Aspen Words writer-in-residence Tatjana Soli’s last stand |

Aspen Words writer-in-residence Tatjana Soli’s last stand

If You Go …

Who: Novelist Tatjana Soli

Where: Hooch Craft Cocktail Bar

When: Tuesday, Sept. 19, 5:30 p.m.

How much: Free

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Novelist Tatjana Soli is a week away from her publisher’s deadline on the final draft of her fourth novel. As Aspen Words’ writer-in-residence for September, Soli is finishing the book here and spending the month working at the Catto Shaw family’s Mojo Garden Farm in Woody Creek.

It’s her last push on the novel — the moment when a book becomes a book and not a document on a computer and a stack of notes. In other words, it’s an ideal time for Soli to spend a month in solitude with her manuscript.

“The timing is perfect,” Soli said last week over coffee at Victoria’s Espresso.

Soli, the James Tait Black Prize-winning author of “The Lotus Eaters,” will read and discuss her work at a free public talk at Hooch Craft Cocktail Bar on Tuesday.

Her new novel, to be published by Farrar, Strauss & Giroux in June, is a work of historical fiction titled “The Removes.” Set on the western plains during the Indian Wars, it weaves together the experiences of General George Armstrong Custer and Libby Custer with a narrative of a girl taken captive by a Sioux war party.

“The idea was, what was it really like back then?” she said. “It wasn’t like the westerns, it wasn’t like ‘Dances with Wolves.’ It was brutal and lonely and nothing was here. Basically, you were all on your own.”

It follows the Custers after the Civil War service, through the general’s time stationed in Kansas and the Dakotas. It ends just before Custer’s death at the Battle of Little Bighorn.

Given the historical aspects of the novel, this final round of editing includes fact-checking and input from historians. Soli spent a morning last week talking over the manuscript with historian Peter Cozzens, author of “The Earth is Weeping: The Epic Story of the Indian Wars for the American West,” reviewing the accuracy of the language that characters use in the book and the timeline of events.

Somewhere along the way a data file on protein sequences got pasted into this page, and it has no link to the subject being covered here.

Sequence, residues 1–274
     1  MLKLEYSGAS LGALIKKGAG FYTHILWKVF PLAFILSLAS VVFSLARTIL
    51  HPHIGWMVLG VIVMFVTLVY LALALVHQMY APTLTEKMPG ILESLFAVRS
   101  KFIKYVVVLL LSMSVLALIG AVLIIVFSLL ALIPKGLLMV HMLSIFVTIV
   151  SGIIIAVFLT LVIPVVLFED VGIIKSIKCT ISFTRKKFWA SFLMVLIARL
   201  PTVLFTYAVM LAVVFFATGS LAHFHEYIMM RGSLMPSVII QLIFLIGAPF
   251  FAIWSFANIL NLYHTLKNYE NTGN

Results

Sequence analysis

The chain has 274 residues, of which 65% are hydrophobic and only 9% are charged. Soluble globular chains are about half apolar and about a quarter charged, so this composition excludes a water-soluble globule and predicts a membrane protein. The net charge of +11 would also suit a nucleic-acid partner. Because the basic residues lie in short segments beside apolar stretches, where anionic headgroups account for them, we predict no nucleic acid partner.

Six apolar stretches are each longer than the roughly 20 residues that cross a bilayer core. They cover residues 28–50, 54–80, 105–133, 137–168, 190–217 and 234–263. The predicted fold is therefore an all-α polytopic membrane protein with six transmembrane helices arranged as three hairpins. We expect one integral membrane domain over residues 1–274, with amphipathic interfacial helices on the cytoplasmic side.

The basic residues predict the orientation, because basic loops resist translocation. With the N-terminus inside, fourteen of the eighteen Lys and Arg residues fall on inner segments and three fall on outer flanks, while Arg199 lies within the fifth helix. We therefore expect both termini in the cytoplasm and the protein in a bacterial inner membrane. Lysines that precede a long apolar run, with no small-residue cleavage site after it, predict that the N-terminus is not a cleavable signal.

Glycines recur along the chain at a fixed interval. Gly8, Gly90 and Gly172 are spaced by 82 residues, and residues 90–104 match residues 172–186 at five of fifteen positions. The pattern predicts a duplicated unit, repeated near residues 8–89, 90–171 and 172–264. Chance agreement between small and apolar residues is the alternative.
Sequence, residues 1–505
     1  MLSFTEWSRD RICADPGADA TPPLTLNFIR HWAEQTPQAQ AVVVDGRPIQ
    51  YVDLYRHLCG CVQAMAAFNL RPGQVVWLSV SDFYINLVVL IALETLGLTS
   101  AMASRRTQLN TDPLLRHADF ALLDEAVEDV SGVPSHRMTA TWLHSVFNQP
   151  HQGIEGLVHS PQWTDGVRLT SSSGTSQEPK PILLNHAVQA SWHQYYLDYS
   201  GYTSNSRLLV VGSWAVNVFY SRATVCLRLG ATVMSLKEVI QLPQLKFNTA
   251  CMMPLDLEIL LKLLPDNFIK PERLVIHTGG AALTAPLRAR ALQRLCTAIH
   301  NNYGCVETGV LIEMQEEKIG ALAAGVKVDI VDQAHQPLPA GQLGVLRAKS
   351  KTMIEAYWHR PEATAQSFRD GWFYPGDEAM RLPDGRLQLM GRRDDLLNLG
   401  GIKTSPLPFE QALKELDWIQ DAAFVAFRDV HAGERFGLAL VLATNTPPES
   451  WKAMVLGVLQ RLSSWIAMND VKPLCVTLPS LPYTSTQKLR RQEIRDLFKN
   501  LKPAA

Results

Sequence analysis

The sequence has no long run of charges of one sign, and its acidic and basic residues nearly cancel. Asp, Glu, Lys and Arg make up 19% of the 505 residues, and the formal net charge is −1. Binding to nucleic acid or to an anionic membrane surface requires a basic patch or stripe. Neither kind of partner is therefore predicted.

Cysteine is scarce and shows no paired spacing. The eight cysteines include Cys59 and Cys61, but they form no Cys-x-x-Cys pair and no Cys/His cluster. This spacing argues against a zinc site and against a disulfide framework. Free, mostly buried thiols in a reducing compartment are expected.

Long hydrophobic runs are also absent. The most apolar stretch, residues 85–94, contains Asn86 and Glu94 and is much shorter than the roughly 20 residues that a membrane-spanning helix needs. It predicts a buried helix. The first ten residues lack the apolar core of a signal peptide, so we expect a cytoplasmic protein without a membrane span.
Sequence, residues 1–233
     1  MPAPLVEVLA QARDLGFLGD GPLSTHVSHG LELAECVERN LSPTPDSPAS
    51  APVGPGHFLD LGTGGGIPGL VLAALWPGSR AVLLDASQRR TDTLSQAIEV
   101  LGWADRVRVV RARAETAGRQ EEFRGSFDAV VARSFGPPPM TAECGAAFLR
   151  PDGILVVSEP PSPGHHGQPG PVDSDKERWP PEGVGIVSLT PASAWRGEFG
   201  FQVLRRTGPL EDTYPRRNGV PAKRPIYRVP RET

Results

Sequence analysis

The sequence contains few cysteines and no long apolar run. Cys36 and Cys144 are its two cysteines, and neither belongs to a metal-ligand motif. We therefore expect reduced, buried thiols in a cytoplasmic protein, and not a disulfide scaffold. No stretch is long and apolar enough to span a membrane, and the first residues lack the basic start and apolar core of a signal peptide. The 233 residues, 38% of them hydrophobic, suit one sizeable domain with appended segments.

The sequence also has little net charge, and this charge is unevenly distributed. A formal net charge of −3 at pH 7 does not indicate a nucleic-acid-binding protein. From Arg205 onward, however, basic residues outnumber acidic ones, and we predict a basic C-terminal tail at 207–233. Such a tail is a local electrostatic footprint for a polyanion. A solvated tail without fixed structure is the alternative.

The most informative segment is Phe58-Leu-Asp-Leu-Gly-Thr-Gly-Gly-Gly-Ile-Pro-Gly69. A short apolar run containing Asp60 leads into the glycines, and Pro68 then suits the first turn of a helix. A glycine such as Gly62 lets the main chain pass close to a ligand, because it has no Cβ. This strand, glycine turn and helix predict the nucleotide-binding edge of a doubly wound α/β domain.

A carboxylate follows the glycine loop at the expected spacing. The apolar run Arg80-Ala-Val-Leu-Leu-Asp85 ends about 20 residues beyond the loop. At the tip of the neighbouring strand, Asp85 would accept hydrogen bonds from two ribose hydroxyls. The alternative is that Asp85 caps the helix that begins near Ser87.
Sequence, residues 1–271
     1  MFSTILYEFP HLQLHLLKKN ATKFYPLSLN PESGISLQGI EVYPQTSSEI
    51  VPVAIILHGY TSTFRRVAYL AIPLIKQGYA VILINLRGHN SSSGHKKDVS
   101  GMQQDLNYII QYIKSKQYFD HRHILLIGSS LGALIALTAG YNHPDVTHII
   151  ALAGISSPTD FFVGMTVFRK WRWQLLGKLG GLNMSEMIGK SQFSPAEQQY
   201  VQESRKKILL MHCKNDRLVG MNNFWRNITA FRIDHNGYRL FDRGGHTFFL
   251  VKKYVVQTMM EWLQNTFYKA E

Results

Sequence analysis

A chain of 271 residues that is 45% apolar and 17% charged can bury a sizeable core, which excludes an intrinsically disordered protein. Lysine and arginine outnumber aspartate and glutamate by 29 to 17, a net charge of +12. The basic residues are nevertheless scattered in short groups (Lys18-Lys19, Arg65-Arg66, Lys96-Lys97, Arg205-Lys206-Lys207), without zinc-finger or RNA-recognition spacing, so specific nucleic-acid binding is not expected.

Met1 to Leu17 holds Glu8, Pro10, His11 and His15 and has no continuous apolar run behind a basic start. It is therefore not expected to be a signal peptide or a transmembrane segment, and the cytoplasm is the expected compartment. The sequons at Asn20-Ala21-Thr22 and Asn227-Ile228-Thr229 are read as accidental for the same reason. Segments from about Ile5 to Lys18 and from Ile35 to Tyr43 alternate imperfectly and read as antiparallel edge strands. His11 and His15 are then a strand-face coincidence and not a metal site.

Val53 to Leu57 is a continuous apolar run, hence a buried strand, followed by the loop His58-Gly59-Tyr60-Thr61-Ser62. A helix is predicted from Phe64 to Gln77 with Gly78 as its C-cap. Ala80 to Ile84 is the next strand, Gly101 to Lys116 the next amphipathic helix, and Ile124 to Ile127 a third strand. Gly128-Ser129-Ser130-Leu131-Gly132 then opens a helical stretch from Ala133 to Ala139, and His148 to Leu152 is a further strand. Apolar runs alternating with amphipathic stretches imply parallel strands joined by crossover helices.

As a fiction writer, Soli’s allegiance is to the story and, of course, it’s a work of imagination. But she had to do her research.

“I’m loose with the facts,” she said. “I just care about the story. But I should get it right.”

Soli burst onto the global literary scene with her 2010 debut, “The Lotus Eaters,” about American War photographers in Vietnam during the war. She hasn’t returned to historical fiction in the two books she’s written since then — “The Last Good Paradise,” about expats in Polynesia, and “The Forgetting Tree,” about an aging California matriarch struggling with her Caribbean caregiver. Her experience researching “The Lotus Eaters” helped guide her approach to “The Removes.” She spent years learning about Vietnam before writing her first book.

“This time, I thought, ‘I’ll write it while I do the research,’ which ended up being hard and taking almost as long,” she said.

Soli went to a war reenactment on the Crow Indian Reservation in Montana, read George and Libby Custer’s diaries and dug deeply into the bloody history of the Indian Wars.

“Custer is so fascinating,” she said. “I had the same idea everyone has about him — that he’s this crazy man. It was interesting just to find that he was a person, a human being.”

Equally important, she found, was learning about day-to-day life on the frontier and imagining her way into the harsh realities of western expansion to portray it with tactile detail.

“I want people to say, ‘Wow, I never thought of what it would have been like to be there,’” she explained.

And though Soli has been busy finishing her book during the residency, there is one bit of sightseeing on her agenda. Spending a month just down the road from Hunter S. Thompson’s Owl Farm in Woody Creek is a dream for the writer. During her high school years in Oklahoma and Dallas, Soli said, she read Thompson voraciously. His portraits of the California counterculture, she said, inspired her to move to Berkeley after high school.

“He is my hero of all time,” she said. “I definitely need to go over there.”

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